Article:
So let’s start again. What if we don’t come at this story with the now ingrained assumptions about the woman being a sinful outcast. What if, instead, we think about the circumstances that might lead a Palestinian woman in the first century to have had five husbands.
Firstly, we can be pretty sure that it won’t have been her choice. Women in the first century were not the wielders of power. The ‘sinful woman’ narrative has her luring men into marrying her and then discarding each one and choosing another. That scenario is so unlikely as to be laughable.
To have got through five husbands she must have been bereaved or abandoned or both, multiple times. That’s a lot of suffering. A lot of heartache. And a truck load of vulnerability. Having a husband was how women kept destitution at bay. Which is why the early church put so much emphasis on caring for widows. Did her family and community help her to keep remarrying? What was it about her that made her a good match, despite having had so many previous husbands? Did she end up having to marry increasingly undesirable and desperate men? How has she now ended up co-habiting? Is it an arrangement that she wanted, or does it just keep starvation at bay?
We will never know her story, but we can make a guess that it’s a complex one, that includes a lot of difficulty and required from her a great deal of strength. And she sounds like a remarkable woman. To keep finding husbands in a small community, despite all the tragedy, suggests that she was an unusual character. She could have ended up as a destitute widow. But she didn’t.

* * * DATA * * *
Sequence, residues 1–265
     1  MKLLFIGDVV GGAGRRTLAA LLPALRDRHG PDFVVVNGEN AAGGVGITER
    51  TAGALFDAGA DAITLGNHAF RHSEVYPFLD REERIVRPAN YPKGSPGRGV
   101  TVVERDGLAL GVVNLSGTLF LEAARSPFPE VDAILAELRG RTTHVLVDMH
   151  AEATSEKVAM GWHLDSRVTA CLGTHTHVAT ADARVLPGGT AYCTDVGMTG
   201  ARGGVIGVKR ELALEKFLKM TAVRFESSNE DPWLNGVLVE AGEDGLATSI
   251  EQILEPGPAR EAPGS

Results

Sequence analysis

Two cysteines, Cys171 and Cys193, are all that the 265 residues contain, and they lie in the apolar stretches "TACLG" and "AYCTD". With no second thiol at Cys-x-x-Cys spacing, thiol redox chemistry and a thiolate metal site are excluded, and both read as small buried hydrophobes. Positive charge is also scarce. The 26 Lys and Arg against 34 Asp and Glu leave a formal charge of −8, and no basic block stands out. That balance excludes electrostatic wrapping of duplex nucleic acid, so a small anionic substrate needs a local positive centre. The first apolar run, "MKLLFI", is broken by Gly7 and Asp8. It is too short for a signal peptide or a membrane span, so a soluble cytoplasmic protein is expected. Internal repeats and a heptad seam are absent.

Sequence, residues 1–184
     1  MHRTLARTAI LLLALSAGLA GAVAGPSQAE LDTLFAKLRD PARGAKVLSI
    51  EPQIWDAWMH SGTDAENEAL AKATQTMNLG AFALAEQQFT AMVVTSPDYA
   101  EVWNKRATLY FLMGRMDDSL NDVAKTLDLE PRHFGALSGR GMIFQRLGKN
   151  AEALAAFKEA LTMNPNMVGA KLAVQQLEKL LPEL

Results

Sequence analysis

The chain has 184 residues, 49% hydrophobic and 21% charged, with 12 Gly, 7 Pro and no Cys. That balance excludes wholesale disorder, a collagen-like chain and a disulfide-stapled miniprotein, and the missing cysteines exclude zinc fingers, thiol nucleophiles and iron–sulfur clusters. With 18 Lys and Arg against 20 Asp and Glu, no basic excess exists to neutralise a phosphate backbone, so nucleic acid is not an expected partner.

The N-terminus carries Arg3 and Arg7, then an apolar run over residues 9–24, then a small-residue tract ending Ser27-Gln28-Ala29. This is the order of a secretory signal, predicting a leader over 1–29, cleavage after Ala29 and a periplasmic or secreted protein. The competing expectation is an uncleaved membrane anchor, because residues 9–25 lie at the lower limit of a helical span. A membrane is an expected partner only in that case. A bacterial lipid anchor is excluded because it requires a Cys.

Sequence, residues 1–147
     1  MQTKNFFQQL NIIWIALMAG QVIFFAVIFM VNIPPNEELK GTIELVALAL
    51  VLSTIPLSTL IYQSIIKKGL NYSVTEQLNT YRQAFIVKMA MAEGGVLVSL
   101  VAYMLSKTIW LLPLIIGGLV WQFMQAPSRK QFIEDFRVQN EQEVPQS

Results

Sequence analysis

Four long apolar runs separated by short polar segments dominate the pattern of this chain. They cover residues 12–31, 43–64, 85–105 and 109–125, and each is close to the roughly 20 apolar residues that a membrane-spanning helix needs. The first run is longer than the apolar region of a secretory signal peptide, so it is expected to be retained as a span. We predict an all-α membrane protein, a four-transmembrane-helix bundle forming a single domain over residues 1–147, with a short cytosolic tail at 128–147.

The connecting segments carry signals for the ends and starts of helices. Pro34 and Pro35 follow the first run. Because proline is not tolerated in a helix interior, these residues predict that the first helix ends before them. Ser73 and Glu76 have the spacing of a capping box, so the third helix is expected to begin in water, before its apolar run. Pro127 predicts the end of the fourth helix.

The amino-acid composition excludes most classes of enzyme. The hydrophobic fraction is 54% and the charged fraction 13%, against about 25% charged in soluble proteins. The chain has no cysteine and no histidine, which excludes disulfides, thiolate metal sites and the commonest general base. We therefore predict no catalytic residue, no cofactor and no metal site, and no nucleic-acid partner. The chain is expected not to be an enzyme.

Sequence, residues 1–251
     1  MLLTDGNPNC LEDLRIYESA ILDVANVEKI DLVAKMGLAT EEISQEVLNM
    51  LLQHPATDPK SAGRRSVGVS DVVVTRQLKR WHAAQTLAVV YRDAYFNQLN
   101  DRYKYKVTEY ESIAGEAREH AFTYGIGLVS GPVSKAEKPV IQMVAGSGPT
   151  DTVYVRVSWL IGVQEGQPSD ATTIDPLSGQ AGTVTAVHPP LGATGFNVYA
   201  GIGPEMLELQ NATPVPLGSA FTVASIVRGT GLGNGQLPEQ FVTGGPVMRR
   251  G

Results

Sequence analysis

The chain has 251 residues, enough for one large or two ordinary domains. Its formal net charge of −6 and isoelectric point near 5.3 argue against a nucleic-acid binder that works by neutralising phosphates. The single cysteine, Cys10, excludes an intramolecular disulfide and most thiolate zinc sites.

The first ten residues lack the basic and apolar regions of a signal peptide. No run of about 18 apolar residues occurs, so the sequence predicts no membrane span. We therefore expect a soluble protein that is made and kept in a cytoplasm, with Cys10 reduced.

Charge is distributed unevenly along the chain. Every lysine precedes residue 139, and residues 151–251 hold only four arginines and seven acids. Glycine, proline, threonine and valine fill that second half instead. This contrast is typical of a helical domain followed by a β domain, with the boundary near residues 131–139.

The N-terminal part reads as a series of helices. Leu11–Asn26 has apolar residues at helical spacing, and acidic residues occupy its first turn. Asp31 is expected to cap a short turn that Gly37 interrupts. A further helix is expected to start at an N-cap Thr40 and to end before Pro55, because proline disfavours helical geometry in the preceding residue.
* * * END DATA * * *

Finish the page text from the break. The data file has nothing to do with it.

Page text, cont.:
The picture we get from her conversation with Jesus is that she is someone with charisma, with a lot of spark and resillience. Whatever has happened in her life, she hasn’t been beaten down by it. She is full of energy. Assertive, questioning, thoughtful. Not afraid to prod and challenge. Jesus responds in kind. He questions and challenges and gives her things to think about. It’s a great conversation. Full of nuance and depth. I discover something new just about every time I read it.
The notion that this woman was an outcast doesn’t really work either. Admittedly she’s not collecting water at the usual time of day, but there could be all sorts of reasons for that. Perhaps she was avoiding people. But maybe she just ran out of water. Perhaps she wasn’t well organised. Perhaps she was helping out a neighbour. Who knows. But after her conversation with Jesus, she doesn’t go quietly back to her village, she leaves her water jar at the well and goes to tell everyone that they really ought to come and meet Jesus. And low and behold, they take her at her word and come to meet him. That doesn’t really fit with the narrative of rejection. It suggests she has enough respect, enough standing, in her community that people take her seriously. If she says something, it’s worth listening.
I like the Samaritan Woman. She’s fascinating. But she only came to life for me when I stopped looking at the story the way I’d heard it preached so many times. When I started to question the standard narrative that reduced her to the one dimensional label of the sexually sinful woman. It would be good to be able to say that in our enlightened western culture we don’t do that anymore. But we do. And not just to women in the bible. Maybe we should stop.